Why are self-medication opportunities limited in Austria? An interview study and comparison with other countries

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Date: Jan. 25, 2021
From: PLoS ONE(Vol. 16, Issue 1)
Publisher: Public Library of Science
Document Type: Report
Length: 6,936 words
Lexile Measure: 1360L

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Abstract :

Background Austria has high health resource use compared to similar countries. Reclassifying (switching) medicines from prescription to non-prescription can reduce pressure on health resources and aid timely access to medicines. Since Austria is less progressive in this area than many other countries, this research aimed to elucidate enablers and barriers to it reclassifying medicines and make recommendations for change in the context of similar research conducted elsewhere. Methods Qualitative research using a heuristic approach was conducted in Austria in 2018. Informed by their own "insider" and "outsider" knowledge, the authors identified themes from personal interviews with 24 participants, including reclassification committee members, government officials and stakeholders, before comparing these themes with earlier research findings. Results Significant barriers to reclassification included committee conservatism, minimal political support, medical negativity and few company applications. Insufficient transparency about committee decisions, expectations of adverse committee decisions and a limited market discouraged company applications. Austria's 'social partnership' arrangement and consensus decision making aided a conservative approach, but the regulator and an alternative non-committee switch process were enabling. Pharmacy showed mixed interest in reclassification. Suggested improvements include increasing transparency, committee composition changes, encouraging a more evidence-based approach by the committee, more pharmacy undergraduate clinical training, and companies using scientific advisory meetings and submitting high quality applications. Conclusion Removing barriers to reclassification would facilitate non-prescription availability of medicines and encourage self-care, and could reduce pressure on healthcare resources.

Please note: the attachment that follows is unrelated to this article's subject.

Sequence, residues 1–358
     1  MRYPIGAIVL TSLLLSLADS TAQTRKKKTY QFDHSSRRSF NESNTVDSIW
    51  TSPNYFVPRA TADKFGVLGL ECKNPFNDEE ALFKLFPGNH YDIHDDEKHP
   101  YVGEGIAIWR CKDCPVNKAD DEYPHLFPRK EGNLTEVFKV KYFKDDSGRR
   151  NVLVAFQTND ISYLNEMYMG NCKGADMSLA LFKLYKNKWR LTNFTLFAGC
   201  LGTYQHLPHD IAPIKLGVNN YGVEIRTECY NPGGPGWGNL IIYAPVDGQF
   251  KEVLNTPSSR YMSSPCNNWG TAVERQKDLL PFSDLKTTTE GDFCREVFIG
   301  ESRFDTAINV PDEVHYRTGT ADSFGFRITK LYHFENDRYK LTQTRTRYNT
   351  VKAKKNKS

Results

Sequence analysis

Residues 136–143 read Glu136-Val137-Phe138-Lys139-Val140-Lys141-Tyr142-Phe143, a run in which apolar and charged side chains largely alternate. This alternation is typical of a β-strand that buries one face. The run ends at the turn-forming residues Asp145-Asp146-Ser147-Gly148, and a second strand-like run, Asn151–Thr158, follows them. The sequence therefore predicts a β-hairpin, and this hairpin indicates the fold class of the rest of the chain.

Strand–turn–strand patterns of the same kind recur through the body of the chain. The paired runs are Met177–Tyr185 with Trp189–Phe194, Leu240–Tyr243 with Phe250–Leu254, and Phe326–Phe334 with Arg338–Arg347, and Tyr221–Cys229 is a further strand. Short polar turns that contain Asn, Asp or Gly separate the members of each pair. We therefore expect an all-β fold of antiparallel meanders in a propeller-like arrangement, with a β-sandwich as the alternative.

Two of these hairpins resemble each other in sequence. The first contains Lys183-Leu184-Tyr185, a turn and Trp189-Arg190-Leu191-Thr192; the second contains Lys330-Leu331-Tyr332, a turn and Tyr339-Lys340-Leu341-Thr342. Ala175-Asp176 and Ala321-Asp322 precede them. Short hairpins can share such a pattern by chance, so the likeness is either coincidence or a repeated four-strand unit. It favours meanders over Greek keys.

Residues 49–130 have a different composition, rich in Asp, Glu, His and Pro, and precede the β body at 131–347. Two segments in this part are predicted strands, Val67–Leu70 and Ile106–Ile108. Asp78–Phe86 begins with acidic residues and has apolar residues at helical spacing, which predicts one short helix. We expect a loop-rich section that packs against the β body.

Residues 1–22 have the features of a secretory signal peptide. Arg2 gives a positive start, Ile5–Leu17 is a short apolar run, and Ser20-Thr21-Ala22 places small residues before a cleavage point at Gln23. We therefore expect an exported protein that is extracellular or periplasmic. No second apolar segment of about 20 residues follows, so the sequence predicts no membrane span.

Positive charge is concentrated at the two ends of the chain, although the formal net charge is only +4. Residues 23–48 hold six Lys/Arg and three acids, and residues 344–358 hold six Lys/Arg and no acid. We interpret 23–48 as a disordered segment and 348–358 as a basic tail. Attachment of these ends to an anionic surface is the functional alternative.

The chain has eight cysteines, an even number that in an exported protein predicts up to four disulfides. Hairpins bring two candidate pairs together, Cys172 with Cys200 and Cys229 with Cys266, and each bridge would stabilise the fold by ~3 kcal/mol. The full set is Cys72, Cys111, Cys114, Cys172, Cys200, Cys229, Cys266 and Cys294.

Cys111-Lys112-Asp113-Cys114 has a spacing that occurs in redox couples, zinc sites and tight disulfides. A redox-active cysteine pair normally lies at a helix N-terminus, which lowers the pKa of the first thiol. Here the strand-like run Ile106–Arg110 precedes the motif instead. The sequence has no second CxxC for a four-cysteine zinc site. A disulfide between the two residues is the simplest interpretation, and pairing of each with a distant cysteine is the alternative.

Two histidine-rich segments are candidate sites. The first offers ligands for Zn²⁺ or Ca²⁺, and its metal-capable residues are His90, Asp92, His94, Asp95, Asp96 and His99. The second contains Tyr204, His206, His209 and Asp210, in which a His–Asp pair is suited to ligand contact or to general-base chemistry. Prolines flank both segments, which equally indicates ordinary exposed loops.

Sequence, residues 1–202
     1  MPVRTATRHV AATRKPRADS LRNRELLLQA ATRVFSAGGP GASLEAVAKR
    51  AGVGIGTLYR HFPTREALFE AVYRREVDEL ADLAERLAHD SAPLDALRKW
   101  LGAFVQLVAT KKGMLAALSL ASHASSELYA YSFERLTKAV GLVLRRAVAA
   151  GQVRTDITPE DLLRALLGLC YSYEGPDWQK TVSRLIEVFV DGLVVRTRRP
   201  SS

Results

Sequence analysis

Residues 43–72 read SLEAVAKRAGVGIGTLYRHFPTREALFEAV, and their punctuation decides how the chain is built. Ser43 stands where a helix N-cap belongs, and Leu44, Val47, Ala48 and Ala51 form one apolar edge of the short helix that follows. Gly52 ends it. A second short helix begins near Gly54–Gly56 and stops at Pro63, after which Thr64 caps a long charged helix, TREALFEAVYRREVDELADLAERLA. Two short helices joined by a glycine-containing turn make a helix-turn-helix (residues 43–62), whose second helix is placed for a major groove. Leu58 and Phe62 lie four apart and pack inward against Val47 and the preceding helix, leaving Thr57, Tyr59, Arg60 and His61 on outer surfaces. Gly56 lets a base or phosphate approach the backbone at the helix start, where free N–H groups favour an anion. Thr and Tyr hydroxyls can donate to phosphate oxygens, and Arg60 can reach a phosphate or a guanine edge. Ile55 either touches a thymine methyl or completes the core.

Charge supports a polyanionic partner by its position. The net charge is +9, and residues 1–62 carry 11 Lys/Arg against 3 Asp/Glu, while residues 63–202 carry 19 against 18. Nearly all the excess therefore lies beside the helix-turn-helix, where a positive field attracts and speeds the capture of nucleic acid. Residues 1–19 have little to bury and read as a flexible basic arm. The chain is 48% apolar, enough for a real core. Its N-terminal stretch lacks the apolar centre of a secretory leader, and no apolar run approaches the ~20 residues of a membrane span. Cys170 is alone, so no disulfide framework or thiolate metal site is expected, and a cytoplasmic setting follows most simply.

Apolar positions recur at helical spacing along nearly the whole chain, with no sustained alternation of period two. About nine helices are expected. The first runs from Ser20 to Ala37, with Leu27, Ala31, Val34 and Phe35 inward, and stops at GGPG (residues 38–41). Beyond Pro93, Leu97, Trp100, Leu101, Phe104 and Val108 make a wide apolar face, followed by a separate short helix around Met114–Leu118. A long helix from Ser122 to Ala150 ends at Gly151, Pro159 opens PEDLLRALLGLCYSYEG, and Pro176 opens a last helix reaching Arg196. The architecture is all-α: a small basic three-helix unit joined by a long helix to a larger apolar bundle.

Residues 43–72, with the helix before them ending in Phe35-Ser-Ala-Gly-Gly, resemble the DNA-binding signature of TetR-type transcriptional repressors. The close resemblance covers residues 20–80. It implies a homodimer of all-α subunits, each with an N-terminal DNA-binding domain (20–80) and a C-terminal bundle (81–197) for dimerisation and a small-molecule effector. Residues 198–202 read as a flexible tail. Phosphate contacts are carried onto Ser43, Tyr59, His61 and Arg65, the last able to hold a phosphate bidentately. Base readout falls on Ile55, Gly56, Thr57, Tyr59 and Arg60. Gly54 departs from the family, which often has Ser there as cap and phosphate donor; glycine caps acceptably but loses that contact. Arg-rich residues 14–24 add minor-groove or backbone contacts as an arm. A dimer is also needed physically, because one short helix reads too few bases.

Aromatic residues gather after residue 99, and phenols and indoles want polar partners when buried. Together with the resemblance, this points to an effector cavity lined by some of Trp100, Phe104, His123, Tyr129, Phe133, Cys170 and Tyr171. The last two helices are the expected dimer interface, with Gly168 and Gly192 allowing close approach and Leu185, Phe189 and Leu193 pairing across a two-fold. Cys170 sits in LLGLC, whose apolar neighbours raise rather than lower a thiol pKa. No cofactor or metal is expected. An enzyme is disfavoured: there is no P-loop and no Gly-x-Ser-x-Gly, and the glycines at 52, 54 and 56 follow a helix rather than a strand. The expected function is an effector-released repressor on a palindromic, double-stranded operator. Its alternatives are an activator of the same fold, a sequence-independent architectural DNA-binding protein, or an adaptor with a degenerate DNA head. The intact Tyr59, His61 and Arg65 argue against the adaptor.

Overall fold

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Gale Document Number: GALE|A649640702